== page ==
Thursday 19th January 2017
|Text too small?|
Family members of Malaysian businessman Low Taek Jho, also known as Jho Low, who has been linked to a multi-billion dollar money laundering scheme, will tomorrow oppose the seizure of assets worth $230 million which the United States Department of Justice (DOJ) alleges to be the proceeds of crime.
Justice Kit Toogood will hear the request in Auckland's High Court on Friday. The New Zealand Herald has reported that the relatives are beneficiaries of New Zealand trusts which are said to own assets caught up in the scandal, and have complained the trustees are not challenging DOJ seizure orders.
Four of Low's relatives have applied to have real estate and other assets transferred to a new trustee. The DOJ is trying to recover more than $1.43 billion which federal officials have said was stolen from Malaysian wealth fund 1MDB in a complex money laundering scheme, intended to enrich officials close to prime minister Najib Razak. Low has previously denied any wrongdoing.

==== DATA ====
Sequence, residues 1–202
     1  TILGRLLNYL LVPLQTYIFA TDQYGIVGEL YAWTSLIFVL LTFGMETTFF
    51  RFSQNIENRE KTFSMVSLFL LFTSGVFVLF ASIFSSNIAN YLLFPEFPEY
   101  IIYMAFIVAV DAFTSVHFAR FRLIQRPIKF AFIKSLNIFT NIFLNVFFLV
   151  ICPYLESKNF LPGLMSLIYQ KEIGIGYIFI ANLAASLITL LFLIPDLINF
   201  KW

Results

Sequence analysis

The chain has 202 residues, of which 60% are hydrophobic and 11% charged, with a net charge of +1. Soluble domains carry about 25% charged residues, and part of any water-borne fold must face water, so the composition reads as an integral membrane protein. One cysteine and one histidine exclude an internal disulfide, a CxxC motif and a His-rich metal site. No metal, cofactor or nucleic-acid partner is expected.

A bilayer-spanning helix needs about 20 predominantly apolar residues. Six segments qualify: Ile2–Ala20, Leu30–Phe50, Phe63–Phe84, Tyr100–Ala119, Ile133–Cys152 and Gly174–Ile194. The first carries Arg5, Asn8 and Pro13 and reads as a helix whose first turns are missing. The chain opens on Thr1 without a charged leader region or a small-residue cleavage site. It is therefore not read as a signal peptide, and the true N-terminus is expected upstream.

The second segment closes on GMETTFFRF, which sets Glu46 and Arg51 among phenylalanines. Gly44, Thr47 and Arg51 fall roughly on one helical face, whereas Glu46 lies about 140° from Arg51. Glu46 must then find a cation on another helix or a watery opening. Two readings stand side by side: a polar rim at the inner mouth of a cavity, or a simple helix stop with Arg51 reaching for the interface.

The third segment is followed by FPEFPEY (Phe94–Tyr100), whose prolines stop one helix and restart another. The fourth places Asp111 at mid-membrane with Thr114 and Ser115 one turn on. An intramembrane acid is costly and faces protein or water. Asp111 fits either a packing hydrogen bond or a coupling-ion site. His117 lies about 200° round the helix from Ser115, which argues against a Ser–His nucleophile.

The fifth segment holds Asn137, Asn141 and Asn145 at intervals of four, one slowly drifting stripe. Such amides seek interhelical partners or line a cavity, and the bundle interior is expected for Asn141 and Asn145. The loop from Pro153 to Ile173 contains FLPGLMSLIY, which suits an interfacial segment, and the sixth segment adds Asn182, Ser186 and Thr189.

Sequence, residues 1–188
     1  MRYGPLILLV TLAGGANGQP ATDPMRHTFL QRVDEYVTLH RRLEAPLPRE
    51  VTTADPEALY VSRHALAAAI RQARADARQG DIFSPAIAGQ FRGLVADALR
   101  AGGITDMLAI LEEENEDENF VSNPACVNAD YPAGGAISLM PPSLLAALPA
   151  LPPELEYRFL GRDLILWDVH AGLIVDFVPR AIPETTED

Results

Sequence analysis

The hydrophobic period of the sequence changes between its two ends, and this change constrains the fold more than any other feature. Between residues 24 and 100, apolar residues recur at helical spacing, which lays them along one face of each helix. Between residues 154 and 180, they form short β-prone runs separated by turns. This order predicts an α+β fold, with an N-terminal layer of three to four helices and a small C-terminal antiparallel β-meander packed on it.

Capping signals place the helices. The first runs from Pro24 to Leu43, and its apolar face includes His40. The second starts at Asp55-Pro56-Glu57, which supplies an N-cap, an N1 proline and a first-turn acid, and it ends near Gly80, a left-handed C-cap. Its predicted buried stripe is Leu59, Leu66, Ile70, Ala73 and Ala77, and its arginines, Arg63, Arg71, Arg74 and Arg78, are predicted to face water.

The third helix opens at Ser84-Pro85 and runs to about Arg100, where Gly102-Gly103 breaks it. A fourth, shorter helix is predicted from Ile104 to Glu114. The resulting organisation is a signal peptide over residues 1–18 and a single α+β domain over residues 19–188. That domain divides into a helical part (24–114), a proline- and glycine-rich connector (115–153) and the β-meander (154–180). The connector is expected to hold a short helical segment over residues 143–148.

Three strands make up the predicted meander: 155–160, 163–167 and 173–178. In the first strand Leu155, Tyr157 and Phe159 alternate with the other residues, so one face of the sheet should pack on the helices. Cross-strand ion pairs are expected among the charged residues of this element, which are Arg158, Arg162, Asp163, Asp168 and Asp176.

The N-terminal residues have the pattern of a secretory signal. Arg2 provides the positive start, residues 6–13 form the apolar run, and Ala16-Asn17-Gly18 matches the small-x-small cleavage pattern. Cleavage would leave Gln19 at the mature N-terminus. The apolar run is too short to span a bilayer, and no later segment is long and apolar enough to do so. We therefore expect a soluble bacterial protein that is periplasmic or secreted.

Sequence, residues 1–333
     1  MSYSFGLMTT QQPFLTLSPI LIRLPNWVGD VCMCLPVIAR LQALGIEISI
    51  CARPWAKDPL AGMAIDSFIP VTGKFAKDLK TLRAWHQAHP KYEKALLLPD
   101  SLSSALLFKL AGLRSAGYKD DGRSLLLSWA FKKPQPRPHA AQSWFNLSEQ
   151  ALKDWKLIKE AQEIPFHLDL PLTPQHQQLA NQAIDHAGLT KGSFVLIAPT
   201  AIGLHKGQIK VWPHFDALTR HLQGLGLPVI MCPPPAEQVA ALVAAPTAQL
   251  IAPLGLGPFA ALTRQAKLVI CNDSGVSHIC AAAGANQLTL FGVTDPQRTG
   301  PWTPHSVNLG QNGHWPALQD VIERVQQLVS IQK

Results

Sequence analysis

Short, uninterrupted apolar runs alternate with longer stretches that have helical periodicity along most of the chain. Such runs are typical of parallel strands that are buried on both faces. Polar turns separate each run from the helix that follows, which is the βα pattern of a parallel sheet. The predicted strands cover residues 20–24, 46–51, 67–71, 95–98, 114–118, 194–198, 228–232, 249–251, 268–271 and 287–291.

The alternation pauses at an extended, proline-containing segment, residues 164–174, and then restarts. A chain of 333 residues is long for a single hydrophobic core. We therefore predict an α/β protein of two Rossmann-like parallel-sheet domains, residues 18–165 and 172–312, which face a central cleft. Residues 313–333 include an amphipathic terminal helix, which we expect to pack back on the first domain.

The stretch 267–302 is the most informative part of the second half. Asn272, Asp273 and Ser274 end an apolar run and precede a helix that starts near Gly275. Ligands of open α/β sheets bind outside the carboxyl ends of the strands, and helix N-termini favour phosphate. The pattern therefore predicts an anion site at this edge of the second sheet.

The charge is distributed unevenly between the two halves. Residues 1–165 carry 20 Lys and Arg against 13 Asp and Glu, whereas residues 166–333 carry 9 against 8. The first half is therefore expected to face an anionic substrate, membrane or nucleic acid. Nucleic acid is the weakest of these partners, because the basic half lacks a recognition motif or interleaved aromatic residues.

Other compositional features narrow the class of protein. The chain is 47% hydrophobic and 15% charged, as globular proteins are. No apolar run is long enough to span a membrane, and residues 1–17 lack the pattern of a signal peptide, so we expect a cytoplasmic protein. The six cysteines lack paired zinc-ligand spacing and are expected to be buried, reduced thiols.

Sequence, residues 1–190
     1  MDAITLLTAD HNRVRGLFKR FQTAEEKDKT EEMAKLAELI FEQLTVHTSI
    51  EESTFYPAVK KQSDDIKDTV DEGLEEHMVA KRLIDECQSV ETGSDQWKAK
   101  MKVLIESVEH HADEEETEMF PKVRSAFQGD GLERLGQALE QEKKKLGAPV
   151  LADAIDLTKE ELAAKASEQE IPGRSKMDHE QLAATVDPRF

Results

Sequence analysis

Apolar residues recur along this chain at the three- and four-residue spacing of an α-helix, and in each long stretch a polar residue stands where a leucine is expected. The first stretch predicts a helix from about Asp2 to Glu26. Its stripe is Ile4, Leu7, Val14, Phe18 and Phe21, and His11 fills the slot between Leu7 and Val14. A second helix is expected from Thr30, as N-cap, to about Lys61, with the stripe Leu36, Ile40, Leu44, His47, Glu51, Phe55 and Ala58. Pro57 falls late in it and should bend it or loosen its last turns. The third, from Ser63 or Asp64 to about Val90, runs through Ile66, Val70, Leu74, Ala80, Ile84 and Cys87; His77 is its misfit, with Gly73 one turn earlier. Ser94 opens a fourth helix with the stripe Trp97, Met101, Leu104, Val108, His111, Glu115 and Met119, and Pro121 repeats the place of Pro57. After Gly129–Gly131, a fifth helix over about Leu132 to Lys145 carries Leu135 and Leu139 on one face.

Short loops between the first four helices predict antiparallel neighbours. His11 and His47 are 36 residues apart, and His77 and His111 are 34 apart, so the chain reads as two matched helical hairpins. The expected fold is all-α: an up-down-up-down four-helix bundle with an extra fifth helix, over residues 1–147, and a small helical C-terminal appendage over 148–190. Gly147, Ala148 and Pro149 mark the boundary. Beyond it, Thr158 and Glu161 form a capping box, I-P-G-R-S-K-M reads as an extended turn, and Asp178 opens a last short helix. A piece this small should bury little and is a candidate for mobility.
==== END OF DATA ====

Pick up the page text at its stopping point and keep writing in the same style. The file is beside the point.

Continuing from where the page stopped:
Private banker Yak Yew Chee has been convicted of forging documents and failing to disclose suspicious transactions in relation to the scandal. His lawyer said he was “motivated by a desire to please” Jho Low, his most important customer at the Swiss private bank where he worked, the Financial Times reported in November.
No comments yet
Fletcher nabs KiwiRail CEO Peter Reidy to head construction business
NZ dollar slips ahead of inflation data tomorrow that may show tepid price pressures
July 16th Morning Report
NZ dollar heading for 0.4% weekly decline after swinging more than 1 US cent on trade tensions
MARKET CLOSE: NZ shares rise as Infratil and Z gain; Tourism Holdings, Fisher & Paykel drop
Ross Asset liquidators claw back a further $3.1M from investors, launch more lawsuits
Wells resigns from CBL board as FMA takes early view it may have broken disclosure, reporting rules
Hawkins sale to Downer under scrutiny by liquidator untangling $453M web of related party loans
NZ construction inflation to slow as escalating costs damp demand
NZ manufacturing activity slows to the weakest measure in 6 months in June